Networked science has the potential to speed up dramatically the rate of discovery across all of science. We may well see the day-to-day process of scientific research change more fundamentally over the next few decades than over the past three centuries.
But there are major obstacles to realizing this goal. Though you might think that scientists would aggressively adopt new tools for discovery, they have been surprisingly inhibited. Ventures such as the Polymath Project remain the exception, not the rule.
Consider the idea of sharing scientific data online. The best-known example of this is the human genome project, whose data may be downloaded by anyone. When you read in the news that a certain gene is associated with a particular disease, you’re almost certainly seeing a discovery made possible by the project’s open-data policy.
Despite the value of open data, most labs make no systematic effort to share data with other scientists. As one biologist told me, he had been “sitting on [the] genome” for an entire species of life for more than a year. A whole species of life! Just imagine the vital discoveries that other scientists could have made if that genome had been uploaded to an online database.
Why don’t scientists share?
If you’re a scientist applying for a job or a grant, the biggest factor determining your success will be your record of scientific publications. If that record is stellar, you’ll do well. If not, you’ll have a problem. So you devote your working hours to tasks that will lead to papers in scientific journals.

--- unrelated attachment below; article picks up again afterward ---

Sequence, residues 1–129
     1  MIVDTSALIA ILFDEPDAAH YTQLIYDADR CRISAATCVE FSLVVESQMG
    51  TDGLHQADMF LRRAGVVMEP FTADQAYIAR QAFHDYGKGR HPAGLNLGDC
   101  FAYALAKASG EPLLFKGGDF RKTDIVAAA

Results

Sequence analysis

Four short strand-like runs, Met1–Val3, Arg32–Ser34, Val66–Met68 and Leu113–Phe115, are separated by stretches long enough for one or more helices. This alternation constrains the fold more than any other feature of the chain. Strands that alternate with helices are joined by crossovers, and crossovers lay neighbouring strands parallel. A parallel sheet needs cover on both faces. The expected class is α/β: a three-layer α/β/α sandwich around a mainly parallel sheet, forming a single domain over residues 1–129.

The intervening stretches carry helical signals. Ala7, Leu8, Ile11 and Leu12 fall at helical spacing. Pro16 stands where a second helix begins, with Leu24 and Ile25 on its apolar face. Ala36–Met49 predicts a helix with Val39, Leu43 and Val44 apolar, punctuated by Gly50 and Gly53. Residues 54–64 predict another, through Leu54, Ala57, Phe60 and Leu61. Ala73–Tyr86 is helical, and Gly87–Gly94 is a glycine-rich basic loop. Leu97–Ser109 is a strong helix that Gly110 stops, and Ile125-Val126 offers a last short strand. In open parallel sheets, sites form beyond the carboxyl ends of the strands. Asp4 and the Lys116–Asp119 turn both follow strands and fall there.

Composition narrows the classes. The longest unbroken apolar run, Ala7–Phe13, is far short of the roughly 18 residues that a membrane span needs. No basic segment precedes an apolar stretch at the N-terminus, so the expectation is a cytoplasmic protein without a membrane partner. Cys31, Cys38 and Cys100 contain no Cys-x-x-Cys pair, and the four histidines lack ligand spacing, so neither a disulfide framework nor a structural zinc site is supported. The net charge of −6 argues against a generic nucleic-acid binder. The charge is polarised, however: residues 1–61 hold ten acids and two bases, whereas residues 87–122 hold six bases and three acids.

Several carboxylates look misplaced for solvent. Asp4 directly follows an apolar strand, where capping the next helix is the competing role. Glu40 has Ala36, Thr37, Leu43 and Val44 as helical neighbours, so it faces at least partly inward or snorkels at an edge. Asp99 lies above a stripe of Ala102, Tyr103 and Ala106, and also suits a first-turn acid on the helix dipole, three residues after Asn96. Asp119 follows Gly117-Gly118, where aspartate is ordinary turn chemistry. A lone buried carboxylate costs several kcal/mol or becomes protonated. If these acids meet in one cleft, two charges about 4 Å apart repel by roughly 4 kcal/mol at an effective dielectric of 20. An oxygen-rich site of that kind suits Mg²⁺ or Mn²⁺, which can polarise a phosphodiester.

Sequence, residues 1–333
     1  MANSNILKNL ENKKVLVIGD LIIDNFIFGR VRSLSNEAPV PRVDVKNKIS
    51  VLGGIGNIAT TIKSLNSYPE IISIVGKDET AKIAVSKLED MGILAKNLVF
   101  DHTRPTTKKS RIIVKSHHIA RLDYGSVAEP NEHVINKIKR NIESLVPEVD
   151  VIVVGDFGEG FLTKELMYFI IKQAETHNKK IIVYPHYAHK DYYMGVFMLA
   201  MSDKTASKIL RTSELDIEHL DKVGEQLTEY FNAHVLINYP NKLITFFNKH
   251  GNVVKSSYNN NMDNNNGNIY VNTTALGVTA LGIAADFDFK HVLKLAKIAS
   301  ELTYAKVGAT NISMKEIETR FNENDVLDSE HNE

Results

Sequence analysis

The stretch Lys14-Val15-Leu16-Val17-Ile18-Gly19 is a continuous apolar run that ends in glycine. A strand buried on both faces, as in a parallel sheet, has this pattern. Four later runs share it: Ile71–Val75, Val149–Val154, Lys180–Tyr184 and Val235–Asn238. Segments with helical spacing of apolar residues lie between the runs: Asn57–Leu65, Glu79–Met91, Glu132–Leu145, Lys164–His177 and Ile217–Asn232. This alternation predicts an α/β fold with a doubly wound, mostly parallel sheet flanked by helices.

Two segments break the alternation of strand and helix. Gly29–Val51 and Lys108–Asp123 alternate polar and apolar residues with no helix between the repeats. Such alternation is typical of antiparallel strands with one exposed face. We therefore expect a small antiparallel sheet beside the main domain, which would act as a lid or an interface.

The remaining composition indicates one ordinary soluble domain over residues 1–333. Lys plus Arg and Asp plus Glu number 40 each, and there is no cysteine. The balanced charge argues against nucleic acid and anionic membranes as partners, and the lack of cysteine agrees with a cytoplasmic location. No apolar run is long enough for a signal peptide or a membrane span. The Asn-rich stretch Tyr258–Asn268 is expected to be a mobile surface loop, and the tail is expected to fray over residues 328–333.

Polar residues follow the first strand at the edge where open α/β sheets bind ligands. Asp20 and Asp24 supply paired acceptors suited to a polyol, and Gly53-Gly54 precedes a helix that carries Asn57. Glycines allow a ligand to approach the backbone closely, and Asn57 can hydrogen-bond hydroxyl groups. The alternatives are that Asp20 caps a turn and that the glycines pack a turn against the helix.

Even if you personally think it would be far better for science as a whole if you carefully curated and shared your data online, that is time away from your “real” work of writing papers. Except in a few fields, sharing data is not something your peers will give you credit for doing.
There are other ways in which scientists are still backward in using online tools. Consider, for example, the open scientific wikis launched by a few brave pioneers in fields like quantum computing, string theory and genetics (a wiki allows the sharing and collaborative editing of an interlinked body of information, the best-known example being Wikipedia).
Specialized wikis could serve as up-to-date reference works on the latest research in a field, like rapidly evolving super-textbooks. They could include descriptions of major unsolved scientific problems and serve as a tool to find solutions.
But most such wikis have failed. They have the same problem as data sharing: Even if scientists believe in the value of contributing, they know that writing a single mediocre paper will do far more for their careers. The incentives are all wrong.
If networked science is to reach its potential, scientists will have to embrace and reward the open sharing of all forms of scientific knowledge, not just traditional journal publication. Networked science must be open science. But how to get there?
A good start would be for government grant agencies (like the National Institutes of Health and the National Science Foundation) to work with scientists to develop requirements for the open sharing of knowledge that is discovered with public support. Such policies have already helped to create open data sets like the one for the human genome. But they should be extended to require earlier and broader sharing. Grant agencies also should do more to encourage scientists to submit new kinds of evidence of their impact in their fields—not just papers!—as part of their applications for funding.
The scientific community itself needs to have an energetic, ongoing conversation about the value of these new tools. We have to overthrow the idea that it’s a diversion from “real” work when scientists conduct high-quality research in the open. Publicly funded science should be open science.